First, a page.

Rick Santorum has had a good run. Where does he go from here?

To win the nomination, Rick Santorum needs 69 percent of the remaining delegates. Even a brokered convention may be elusive. After Louisiana on Saturday, the road ahead looks tough.

By , Staff Writer

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    Republican presidential candidate, former Pennsylvania Sen. Rick Santorum speaks at Superior Energy in Harvey, La., Wednesday, March 21.
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The upset Rick Santorum was hoping for in Illinois didn't come; instead, he lost to Mr. Romney by more than 11 points.

At this point, it's hard to envision anyone but Mitt Romney getting the GOP presidential nomination.

Yes, Mr. Santorum has had a better run than anyone would have predicted even a few months ago. He appeals to conservative Republicans, Evangelicals, and those who really, really want an alternative to Romney.

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But the math is not in his favor. In order to get the nomination, Santorum would need to win 69 percent of the remaining delegates – something which simply isn't going to happen.

His other hope – which he and his team have become more vocal about in recent days – is doing well enough to deny Romney the 1,144 delegates he needs, thereby delaying the decision until the August convention.

But that possibility is also incredibly slim, and would require a major screw-up by Romney. Currently, Romney only needs to win 46 percent of the remaining delegates to get to the magic number – not a high hurdle. The implosion of Newt Gingrich's campaign (he got just 8 percent of the vote in Illinois) hasn't helped Santorum the way some predicted, and might make it even harder to keep Romney from steadily amassing delegates.

Moreover, it's not something most Republicans want.

"Whatever slim chances that Mr. Santorum has would depend on going to the floor in Tampa," wrote New York Times polling expert Nate Silver on Wednesday, calling the nomination contest now "a one-man race." "As this becomes increasingly clear to voters, they may come to see their choice as being less one between Mr. Romney and Mr. Santorum and more one between Mr. Romney and a brokered convention. Some of Mr. Santorum’s supporters may desert him once they view the race in those terms, making Mr. Romney’s path easier still."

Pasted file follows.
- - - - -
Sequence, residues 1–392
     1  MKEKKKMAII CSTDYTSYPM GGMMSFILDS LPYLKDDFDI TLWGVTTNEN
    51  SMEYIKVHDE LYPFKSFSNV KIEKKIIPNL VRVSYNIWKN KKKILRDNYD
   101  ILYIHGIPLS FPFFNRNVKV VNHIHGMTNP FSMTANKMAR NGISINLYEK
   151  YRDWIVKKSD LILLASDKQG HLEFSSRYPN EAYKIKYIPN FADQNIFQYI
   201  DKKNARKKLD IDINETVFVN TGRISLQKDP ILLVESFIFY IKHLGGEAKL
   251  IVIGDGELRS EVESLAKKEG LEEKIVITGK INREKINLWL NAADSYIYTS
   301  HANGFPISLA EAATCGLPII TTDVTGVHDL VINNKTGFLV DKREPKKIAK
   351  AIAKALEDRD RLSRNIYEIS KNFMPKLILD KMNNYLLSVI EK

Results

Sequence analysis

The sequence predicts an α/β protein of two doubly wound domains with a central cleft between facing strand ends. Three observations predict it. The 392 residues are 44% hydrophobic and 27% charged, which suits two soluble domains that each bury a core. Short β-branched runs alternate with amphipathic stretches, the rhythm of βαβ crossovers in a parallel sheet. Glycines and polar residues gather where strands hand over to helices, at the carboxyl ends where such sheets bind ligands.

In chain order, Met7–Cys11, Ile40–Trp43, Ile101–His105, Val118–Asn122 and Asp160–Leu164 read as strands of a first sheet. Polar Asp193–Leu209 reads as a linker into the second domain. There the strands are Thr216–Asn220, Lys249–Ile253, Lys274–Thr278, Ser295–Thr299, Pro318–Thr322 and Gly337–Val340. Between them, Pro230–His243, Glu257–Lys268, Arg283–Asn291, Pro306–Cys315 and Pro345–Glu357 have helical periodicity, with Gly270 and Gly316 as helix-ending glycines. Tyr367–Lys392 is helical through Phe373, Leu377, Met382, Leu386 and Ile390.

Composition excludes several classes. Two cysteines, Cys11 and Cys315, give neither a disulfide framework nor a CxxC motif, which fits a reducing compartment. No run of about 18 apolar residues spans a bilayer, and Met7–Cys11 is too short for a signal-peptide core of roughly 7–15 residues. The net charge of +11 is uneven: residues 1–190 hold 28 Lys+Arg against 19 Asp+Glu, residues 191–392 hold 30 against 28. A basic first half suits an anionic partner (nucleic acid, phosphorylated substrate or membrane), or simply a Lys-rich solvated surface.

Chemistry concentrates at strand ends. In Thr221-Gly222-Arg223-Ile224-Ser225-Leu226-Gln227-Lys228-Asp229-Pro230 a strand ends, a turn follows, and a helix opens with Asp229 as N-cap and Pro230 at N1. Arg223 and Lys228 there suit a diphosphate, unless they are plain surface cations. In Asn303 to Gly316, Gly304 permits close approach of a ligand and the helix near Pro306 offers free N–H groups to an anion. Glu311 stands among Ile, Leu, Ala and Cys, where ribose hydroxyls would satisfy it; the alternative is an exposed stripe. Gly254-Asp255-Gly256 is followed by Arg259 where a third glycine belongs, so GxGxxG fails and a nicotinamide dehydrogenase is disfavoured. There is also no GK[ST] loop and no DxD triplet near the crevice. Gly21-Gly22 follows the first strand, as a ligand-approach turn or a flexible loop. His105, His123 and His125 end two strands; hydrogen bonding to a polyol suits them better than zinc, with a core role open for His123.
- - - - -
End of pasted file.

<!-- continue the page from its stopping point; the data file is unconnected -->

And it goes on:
Add to that Santorum's fundraising deficits: In the past month, his campaign reported raising $9 million to Romney's $12 million, and the Santorum campaign has $2.6 million in the bank compared with Romney's $7.3 million.

And yet, Santorum doesn't sound like he's planning to fold anytime soon.

Speaking to reporters after his thumping in Illinois Tuesday, Santorum refused to even acknowledge that he lost badly.

"It wasn't a tough night. We did very well," he said. "We picked up a lot of delegates tonight in a very tough state. Nobody had any expectations for us to win, and you know we did what we had to do."

He also put more pressure on Gingrich supporters to move over to him, saying, "it's very clear it’s a two-person race and now we need to get all the conservatives to line up behind us."

But if all of Gingrich's supporters had gone with Santorum in Illinois, the former Pennsylvania senator still would have lost.

Looking ahead, Santorum also doesn't get much help from the calendar.

Louisiana votes Saturday, and Santorum is expected to win there. But after that come a slew of Northern states where Romney is far better positioned. Of the states voting in April, Santorum has hope in Wisconsin, and in his home state of Pennsylvania, but that's about it.

So why stay in the race? Partly, it may have to do with denial – especially after such an unexpected Cinderella surge late in the campaign season. Or a wish to at least end on a good note, with a victory in Pennsylvania.

Santorum may also be hoping to garner more influence within the party, especially its growing conservative wing.

But expect increased calls, both publicly and behind the scenes, for Santorum to acknowledge what almost everyone else seems to have realized.

On CNN Tuesday, Piers Morgan asked Romney adviser Eric Fehrnstrom whether it was time for the other candidates to consider stepping down.

Mr. Fehrnstrom replied that he understands the "emotion and the hard work and the sweat that goes into a campaign" and what a personal decision it is to step down – but then made it clear he believes Romney's opponents are in denial.

"At some point the reality is going to set in that Mitt is the all-but-certain nominee," Fehrnstrom said. "I can tell you what Mitt Romney did four years ago when he found himself in the similar situation running against John McCain. After Super Tuesday, John McCain certainly didn’t have the delegates to become the nominee, but he was on track to get those delegates and Mitt Romney made the decision – and it was a difficult one – to step aside. And he stepped aside because he thought it was good for the country."

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